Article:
Report Urges FCC to Regulate TV Violence
Friday, February 16, 2007; 5:58 AM
WASHINGTON -- Television networks are free to sprinkle their programs with shootings, slashings, torture and other gore because the government has no regulatory authority over violent programming. But a draft report being circulated at the Federal Communications Commission says Congress can change that, without violating the First Amendment.
The long-overdue report suggests Congress could craft a law that would let the agency regulate violent programming much like it regulates sexual content and profanity _ by barring it from being aired during hours when children may be watching, for example.
"In general, what the commission's report says is that there is strong evidence that shows violent media can have an impact on children's behavior and there are some things that can be done about it," FCC Chairman Kevin Martin said Thursday.
The issue is bipartisan. Martin, a Republican, gave a joint interview to The Associated Press with Democratic Commissioner Michael Copps.
"The pressure to do something on this is building right now," Copps said, noting that TV violence comes up regularly during media ownership hearings he conducts across the country. "People really feel strongly about this issue all across this land. This is not a red state or a blue state issue."
The report also suggests that cable and satellite TV could be subjected to an "a la carte" regime that would let viewers choose their channels, a measure long supported by Martin.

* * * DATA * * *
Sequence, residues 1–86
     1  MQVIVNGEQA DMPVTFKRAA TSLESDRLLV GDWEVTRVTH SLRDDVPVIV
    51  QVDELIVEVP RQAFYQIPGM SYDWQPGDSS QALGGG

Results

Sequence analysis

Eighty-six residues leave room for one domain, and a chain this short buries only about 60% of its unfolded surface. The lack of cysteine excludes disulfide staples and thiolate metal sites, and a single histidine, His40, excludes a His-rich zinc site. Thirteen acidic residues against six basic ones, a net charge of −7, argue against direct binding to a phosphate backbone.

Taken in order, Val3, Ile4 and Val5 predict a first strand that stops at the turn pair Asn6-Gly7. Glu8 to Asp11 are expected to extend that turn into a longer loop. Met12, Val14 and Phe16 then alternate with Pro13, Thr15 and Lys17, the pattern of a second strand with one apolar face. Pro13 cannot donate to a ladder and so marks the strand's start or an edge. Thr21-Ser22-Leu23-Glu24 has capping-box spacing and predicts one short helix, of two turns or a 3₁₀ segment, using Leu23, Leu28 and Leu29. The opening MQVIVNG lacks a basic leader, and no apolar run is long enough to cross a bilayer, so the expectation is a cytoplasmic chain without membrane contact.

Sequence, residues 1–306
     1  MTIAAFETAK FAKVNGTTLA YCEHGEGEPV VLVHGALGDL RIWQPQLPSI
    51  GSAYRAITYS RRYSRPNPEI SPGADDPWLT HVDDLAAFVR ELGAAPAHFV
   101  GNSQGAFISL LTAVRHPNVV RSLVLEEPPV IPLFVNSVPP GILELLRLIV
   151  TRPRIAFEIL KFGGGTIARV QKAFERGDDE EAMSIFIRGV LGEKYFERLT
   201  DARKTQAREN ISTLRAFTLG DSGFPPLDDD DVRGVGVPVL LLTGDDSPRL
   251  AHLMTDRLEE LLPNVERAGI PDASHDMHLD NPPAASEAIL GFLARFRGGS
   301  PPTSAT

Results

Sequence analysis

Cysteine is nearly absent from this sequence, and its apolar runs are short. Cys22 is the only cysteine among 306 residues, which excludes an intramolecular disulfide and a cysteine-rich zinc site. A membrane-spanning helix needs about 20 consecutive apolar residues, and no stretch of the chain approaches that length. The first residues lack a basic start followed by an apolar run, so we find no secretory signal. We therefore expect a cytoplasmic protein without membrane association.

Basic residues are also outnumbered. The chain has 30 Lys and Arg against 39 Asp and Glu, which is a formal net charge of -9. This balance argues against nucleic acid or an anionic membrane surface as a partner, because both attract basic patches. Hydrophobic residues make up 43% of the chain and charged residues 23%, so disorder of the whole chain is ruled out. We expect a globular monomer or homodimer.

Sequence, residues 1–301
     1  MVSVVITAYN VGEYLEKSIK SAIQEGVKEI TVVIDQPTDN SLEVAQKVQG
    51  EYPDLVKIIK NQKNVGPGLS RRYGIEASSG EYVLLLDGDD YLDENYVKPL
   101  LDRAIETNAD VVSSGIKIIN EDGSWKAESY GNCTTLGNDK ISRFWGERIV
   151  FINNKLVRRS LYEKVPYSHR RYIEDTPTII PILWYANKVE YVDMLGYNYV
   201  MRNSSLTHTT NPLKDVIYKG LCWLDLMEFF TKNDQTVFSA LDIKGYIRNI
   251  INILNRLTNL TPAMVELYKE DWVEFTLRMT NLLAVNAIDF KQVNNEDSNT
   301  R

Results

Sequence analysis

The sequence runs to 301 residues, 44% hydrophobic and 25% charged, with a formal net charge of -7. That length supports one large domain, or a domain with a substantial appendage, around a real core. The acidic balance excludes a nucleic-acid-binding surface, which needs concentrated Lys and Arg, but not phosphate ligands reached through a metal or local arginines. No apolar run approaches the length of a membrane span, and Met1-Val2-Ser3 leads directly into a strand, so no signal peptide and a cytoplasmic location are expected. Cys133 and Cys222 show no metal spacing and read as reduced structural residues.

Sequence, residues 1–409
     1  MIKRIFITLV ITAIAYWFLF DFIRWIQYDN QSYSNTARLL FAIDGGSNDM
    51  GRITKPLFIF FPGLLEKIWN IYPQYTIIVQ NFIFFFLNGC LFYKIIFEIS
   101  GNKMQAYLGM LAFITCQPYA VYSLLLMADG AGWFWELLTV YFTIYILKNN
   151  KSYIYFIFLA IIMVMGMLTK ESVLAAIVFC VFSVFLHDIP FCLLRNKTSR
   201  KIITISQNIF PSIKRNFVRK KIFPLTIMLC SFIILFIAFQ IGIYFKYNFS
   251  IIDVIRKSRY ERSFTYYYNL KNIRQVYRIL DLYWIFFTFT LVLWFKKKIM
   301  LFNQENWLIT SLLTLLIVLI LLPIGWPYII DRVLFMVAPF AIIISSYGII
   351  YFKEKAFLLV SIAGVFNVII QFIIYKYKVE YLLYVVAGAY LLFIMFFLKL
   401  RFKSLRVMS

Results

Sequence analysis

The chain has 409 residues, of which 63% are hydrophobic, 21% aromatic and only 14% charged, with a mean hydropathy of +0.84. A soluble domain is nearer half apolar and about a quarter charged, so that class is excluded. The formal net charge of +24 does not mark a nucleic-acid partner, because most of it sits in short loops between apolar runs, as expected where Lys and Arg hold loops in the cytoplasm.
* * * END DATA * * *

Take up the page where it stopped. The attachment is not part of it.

"We can't just deal with the three or four broadcast channels _ we have to be looking at what's on cable as well" Martin said.
The report cites studies that suggest violent programming can lead to "short-term aggressive behavior in children," according to an agency source who described the report and asked not to be named because it has not yet been approved.
The recommendations are sure to alarm executives in the broadcast and cable industries, members of the creative community and First Amendment advocates.
"Will it count on the news?" asked Jonathan Rintels, executive director of the Center for Creative Voices in Media. "Will it count on news magazines like '60 Minutes' and 'Dateline'? What about hockey games when the gloves come off and people start punching each other?"
Rintels said such rules would create "huge gray areas of censored content."
"The fact that it's difficult should not take this issue off the table," Copps said, when asked about the potential difficulty.